PROBLEM: Dressing, Toileting, bathing, shaving, showering, etc. Before PMA, I could shower and dress easily in 10 – 15 minutes. Now it can take an hour or more and I still have full upper body function. To get some idea of how challenging this can be, try these two exercises. Try to put on knee-high socks while wearing mittens or try to pull up your pants and underwear while seated or while standing holding on for balance with at least one hand.
SOLUTION: We spent $30,000+ to have our bathroom remodelled by an accessibility specialist. It was expensive but worth every penny. It still takes me a while but at least I feel safe and can get my wheelchair/walker in the room. I now wear clothes that have few buttons, clips or belts. I also make sure that I have the necessary seats and supports in the places where I will need them. With the right methods and equipment, many challenges can be mitigated although rarely eliminated altogether.
PROBLEM: Navigating Stairs. We live in a 3 storey home. Stairs to the upper level not only curve but have two landings. To the basement, we have two sets of steps with a 180-degree bend. In any other house, if I am even able to navigate into the house using ramps etc., I must resign myself to the fact that I will NEVER be able to go upstairs or downstairs.
SOLUTION: We have so far installed 2 stair-lifts. One goes all the way upstairs but to get to the basement, I must hoist my body up and down 3 steps to reach the second stair-lift. We have also installed a porch lift so that I can get from the deck to the garden/pool without going through the garage and all around the outside of the house. Beyond our own house, I must accept the fact that I am barred from many friends’ houses and an alarming number of businesses and public buildings.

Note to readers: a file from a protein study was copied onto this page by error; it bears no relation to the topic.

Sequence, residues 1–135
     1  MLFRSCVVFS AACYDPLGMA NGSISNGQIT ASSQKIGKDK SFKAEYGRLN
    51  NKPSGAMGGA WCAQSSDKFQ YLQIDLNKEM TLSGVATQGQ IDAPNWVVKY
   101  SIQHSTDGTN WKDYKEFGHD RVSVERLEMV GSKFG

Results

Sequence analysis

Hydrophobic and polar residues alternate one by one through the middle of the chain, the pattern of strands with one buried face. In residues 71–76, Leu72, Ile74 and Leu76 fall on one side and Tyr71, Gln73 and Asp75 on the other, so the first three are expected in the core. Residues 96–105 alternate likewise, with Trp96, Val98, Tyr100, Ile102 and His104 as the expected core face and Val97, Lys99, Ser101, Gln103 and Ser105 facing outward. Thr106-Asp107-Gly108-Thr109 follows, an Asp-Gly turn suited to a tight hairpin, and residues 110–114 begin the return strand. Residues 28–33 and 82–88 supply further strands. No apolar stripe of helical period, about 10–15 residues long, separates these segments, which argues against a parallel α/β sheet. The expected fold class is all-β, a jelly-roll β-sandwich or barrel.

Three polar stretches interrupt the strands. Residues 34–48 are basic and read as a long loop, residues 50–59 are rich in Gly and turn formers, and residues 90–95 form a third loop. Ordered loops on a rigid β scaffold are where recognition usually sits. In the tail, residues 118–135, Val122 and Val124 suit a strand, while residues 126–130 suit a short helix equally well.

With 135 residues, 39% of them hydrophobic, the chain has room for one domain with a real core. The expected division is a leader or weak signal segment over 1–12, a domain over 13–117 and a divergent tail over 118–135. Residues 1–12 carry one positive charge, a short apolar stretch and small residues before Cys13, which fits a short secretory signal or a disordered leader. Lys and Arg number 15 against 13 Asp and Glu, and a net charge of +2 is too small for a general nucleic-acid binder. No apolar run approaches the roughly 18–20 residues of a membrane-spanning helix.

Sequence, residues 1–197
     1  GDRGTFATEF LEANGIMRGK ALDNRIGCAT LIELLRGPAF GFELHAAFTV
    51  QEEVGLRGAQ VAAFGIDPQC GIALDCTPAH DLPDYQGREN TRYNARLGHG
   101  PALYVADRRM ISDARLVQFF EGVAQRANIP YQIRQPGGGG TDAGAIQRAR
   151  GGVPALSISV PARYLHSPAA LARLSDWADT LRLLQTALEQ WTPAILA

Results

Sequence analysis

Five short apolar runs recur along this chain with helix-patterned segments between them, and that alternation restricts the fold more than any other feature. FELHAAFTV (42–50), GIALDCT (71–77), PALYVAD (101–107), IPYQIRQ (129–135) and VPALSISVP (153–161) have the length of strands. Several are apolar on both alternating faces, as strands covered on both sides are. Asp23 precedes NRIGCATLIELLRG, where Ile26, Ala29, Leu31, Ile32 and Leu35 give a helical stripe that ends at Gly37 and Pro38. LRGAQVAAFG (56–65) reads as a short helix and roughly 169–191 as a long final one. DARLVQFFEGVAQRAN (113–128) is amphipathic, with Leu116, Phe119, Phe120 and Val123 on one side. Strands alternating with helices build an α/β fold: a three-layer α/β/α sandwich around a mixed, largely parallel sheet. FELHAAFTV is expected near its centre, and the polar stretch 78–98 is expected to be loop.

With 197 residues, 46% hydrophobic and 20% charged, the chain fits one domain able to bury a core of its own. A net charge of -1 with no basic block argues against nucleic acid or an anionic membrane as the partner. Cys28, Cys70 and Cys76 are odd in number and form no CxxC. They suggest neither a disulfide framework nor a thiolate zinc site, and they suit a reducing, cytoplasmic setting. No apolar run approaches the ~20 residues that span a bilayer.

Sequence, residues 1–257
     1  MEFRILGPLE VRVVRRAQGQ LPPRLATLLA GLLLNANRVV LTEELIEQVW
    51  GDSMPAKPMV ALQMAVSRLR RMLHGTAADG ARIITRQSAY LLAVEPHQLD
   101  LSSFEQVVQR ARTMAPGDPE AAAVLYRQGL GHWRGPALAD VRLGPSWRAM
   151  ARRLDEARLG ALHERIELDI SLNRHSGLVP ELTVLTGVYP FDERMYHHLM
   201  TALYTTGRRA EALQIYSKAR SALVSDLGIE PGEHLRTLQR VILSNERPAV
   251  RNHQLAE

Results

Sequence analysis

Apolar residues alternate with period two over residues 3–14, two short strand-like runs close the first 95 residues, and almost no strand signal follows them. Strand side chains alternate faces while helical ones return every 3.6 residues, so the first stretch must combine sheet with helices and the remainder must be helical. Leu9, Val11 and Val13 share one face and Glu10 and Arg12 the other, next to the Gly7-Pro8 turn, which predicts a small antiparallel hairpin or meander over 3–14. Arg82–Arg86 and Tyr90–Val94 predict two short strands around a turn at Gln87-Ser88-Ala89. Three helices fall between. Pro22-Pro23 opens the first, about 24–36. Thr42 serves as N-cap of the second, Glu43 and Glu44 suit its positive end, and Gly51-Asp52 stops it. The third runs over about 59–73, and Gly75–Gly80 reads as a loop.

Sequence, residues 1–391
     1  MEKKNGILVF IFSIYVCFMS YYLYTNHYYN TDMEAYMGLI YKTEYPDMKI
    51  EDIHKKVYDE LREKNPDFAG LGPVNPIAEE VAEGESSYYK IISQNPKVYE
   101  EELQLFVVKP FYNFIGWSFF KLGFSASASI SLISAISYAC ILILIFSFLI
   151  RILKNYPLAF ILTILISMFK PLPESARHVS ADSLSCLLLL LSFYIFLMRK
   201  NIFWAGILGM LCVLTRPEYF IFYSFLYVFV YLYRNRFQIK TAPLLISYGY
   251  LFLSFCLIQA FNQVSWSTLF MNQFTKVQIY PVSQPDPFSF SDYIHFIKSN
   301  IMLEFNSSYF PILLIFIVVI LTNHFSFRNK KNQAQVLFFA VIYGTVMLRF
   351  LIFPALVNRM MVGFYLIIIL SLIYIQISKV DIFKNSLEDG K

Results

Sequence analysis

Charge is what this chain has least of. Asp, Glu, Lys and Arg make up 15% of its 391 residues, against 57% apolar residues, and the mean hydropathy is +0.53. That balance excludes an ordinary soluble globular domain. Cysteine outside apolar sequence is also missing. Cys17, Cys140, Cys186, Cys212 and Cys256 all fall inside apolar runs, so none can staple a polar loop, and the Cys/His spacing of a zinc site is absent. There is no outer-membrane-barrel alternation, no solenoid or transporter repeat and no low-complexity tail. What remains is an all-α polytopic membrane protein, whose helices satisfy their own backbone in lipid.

PROBLEM: Finding Accessible Washrooms. I recently spent 8 hours on an aircraft within 6 feet of the nearest washroom but was unable to access it. Many public locales that claim to have accessible facilities either keep them locked or they were designed by people who do not comprehend what ‘accessible’ means.
SOLUTION: Having travelled widely with mobility equipment throughout North America and Europe, I can attest that we still have a long way to go but that things ARE improving (even if slowly). As the world’s population ages and technology advances, it is my fervent hope that future generations of mobility challenged persons will be even better served than our own. Notwithstanding the foregoing, I must say here that I am eternally grateful to be living in a part of the world where I have access to most of the facilities and equipment that can make my life easier and more comfortable. Were I living either as little as a 100 years ago or residing in a 3rd world country, I would already be dead!
PROBLEM: Navigating the medical professionals who, with the best of intentions, insist that they know what is best for me even though the vast majority of them have rarely, if ever, treated other patients with the exact same disease (PMA -Progressive Muscular Atrophy) and progression as myself. To put this in perspective, there are currently less than a handful of cases in Eastern Ontario from a population of 1.5 million. Of these, only 1 other individual has lower limb onset PMA like myself.
SOLUTION: Do your own research, join forums and Facebook groups and make sure that you know more about your own situation than those caring for you. Don’t take ‘no’ for an answer and DEMAND that you be heard. You ARE in control as long as you insist upon it. Swallow your pride and ask for help when you need it, especially from friends and loved ones. Even total strangers will often step up to the plate and freely and willingly offer assistance. Taking advantage of this shows strength rather than weakness, just be sure to say ‘thank you’. This is/was one of the hardest things for me to accept and I am still struggling with it every day. Many times in my life, I have been guilty of ‘cutting off my nose to spite my face’. I can no longer afford this luxury.
In conclusion, I must say that, as a society, we have a long way to go before “PMA – Problems Made Acceptable” becomes a reality!